Another odd facet of this whole story is that a crossing for Robert Street has been in the works since 2001. It became more serious in 2011, and when the Blockbuster property was acquired the city agreed to use the land for the crossing.
We even secured a county grant by saying that’s where we’d put a separated-grade crossing.
So the plan all along has been to put the crossing there. Why is the city council changing their mind now? Let’s follow through on what we committed to do.
Otherwise the county, state and feds are going to think twice about giving us money.
What the Community Wants
Finally, the oddest part of the entire story, the supposed lack of community support:
“There has never been, in my opinion, adequate support.” -Council member Ed Iago
First of all, does anybody in the community know anything about this? Not really. When I talk to people, most of them know nothing about it. At best they remember vague proposals from a few years ago and an outrageous price tag.
I won’t shut up about the project, but that doesn’t count for much.
How can you gauge support for a project you’ve never communicated about? Maybe it’s time for the city to have a public meeting about the tunnel.
Secondly, when we do explain the project to people, the support is pretty incredible. A lot of people call the project a no-brainer.
I don’t know what it takes for support to be “adequate” in Iago’s mind, but there are nearly 400 fans of the project over on Facebook. And growing. (By the way, in the 2016 election, West St. Paul city council seats were won by the following margins: 129, 549, 663.)
Also, when residents were surveyed back in January, the results showed strong support for trails. When asked what the city council should focus on, the #1 response was a tie between attracting new businesses and providing more sidewalks and bike trails. Residents want both, not one at the expense of the other. And we can have both!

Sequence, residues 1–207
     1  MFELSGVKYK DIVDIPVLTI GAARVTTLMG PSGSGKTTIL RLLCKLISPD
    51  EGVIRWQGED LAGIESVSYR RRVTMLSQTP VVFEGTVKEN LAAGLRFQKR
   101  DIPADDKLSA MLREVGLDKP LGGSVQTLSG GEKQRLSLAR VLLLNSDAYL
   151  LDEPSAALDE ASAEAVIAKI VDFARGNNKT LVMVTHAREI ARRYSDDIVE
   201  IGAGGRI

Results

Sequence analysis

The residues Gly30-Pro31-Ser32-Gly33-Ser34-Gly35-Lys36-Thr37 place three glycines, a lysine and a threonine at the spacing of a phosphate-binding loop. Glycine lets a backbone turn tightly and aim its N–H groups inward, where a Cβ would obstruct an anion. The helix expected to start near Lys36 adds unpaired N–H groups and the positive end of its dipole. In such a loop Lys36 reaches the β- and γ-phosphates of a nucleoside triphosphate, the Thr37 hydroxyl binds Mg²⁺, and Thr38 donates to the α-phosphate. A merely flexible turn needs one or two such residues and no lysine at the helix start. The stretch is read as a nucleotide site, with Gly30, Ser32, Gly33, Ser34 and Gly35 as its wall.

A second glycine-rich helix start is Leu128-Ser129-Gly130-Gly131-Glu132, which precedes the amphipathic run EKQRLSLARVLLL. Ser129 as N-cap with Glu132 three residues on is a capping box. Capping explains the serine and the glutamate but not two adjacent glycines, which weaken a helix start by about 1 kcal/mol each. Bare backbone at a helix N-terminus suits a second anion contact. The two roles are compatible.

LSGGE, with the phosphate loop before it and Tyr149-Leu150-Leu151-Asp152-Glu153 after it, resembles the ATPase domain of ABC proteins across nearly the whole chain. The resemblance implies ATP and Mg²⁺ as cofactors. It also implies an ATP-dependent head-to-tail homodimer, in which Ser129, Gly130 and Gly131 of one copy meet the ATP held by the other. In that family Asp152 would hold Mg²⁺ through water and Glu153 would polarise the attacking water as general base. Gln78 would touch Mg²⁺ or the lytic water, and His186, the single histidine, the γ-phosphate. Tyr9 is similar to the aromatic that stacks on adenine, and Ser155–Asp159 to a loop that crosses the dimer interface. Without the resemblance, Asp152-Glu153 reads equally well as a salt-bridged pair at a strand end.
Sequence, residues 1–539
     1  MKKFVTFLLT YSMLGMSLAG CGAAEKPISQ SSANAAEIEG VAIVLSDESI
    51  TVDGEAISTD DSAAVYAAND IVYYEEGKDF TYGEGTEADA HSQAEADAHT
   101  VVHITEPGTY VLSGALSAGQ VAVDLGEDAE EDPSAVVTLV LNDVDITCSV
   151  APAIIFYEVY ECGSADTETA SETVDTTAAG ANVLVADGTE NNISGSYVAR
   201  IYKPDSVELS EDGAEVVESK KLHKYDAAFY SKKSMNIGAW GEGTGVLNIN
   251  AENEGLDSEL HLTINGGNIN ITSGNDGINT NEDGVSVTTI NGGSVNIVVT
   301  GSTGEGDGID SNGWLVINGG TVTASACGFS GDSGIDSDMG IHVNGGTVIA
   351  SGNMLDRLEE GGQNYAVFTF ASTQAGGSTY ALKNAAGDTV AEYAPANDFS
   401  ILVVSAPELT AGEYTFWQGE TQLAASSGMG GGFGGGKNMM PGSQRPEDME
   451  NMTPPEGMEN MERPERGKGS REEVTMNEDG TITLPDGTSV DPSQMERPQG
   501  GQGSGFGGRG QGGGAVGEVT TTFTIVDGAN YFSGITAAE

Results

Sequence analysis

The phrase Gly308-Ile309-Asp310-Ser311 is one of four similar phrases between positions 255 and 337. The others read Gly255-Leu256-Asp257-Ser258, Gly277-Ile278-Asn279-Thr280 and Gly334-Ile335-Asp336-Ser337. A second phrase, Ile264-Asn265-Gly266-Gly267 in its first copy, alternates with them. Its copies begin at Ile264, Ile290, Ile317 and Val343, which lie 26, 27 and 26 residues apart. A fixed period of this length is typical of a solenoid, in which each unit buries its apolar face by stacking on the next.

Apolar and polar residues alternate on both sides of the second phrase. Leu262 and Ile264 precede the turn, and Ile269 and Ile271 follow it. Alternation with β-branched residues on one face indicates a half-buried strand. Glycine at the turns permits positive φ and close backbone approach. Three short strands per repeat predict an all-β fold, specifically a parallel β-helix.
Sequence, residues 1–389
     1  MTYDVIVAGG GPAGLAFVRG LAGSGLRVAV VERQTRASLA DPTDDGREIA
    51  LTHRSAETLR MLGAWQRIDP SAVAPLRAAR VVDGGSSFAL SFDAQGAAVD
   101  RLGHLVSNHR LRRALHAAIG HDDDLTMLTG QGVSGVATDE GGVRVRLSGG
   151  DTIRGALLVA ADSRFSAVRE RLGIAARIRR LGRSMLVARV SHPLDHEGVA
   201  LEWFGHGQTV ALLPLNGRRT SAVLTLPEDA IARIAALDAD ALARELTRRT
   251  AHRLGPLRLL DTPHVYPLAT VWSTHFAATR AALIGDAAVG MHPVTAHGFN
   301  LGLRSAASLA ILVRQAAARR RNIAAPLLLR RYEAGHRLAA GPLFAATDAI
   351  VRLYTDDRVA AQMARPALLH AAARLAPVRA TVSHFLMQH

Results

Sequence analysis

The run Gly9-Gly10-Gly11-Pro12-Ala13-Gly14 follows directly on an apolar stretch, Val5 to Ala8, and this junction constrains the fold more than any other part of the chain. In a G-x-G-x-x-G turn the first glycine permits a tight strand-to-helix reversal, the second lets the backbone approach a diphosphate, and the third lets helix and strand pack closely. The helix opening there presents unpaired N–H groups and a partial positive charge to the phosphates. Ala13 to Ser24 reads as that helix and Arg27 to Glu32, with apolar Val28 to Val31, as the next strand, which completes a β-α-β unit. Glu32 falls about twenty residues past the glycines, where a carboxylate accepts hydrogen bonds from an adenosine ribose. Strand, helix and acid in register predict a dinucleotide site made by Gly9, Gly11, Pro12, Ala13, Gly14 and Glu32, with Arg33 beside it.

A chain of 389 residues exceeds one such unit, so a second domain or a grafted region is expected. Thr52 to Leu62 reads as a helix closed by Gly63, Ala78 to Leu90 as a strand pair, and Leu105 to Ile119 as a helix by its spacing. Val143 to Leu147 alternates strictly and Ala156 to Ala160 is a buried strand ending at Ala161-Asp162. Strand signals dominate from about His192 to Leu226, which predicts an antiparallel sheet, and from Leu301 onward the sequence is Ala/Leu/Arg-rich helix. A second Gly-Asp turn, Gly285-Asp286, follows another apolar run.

Update (June 15, 2017): I went to the city council on June 12 and presented more than 70 postcards from kids and parents in the community showing their support for the trail and tunnel.
Let Your Voice Be Heard
It’s very clear the city council needs to hear from West St. Paul. How do you do that?
- It just so happens there’s a city council meeting on Monday, June 12 at 6:30 p.m. These meetings are open to the public. In fact, you’re welcome to make public comments near the beginning of the meeting.
- You can email or call your city council members and tell them where you stand.
- You can sign the petition supporting the trail and tunnel.
More on the River-to-River Greenway:
- Visit Dakota County’s River-to-River Greenway page for project reports, factsheets, and more.
- Like the WSP Greenway Project page on Facebook for more details and updates.
- Read my post, How to Make West St. Paul Awesome, for a detailed account of the benefits of the trail.
- Read my post, 7 Misconceptions About the Robert Street Tunnel, for more questions and critiques.
- Read my post, River-to-River Greenway Questions, for more answers about the project.
- Ready my post, Why I Won’t Shut Up About a Trail, for my thoughts on legacy.
- Read my post, Biking the River-to-River Greenway, for thoughts on the current condition and why a tunnel would be a big improvement.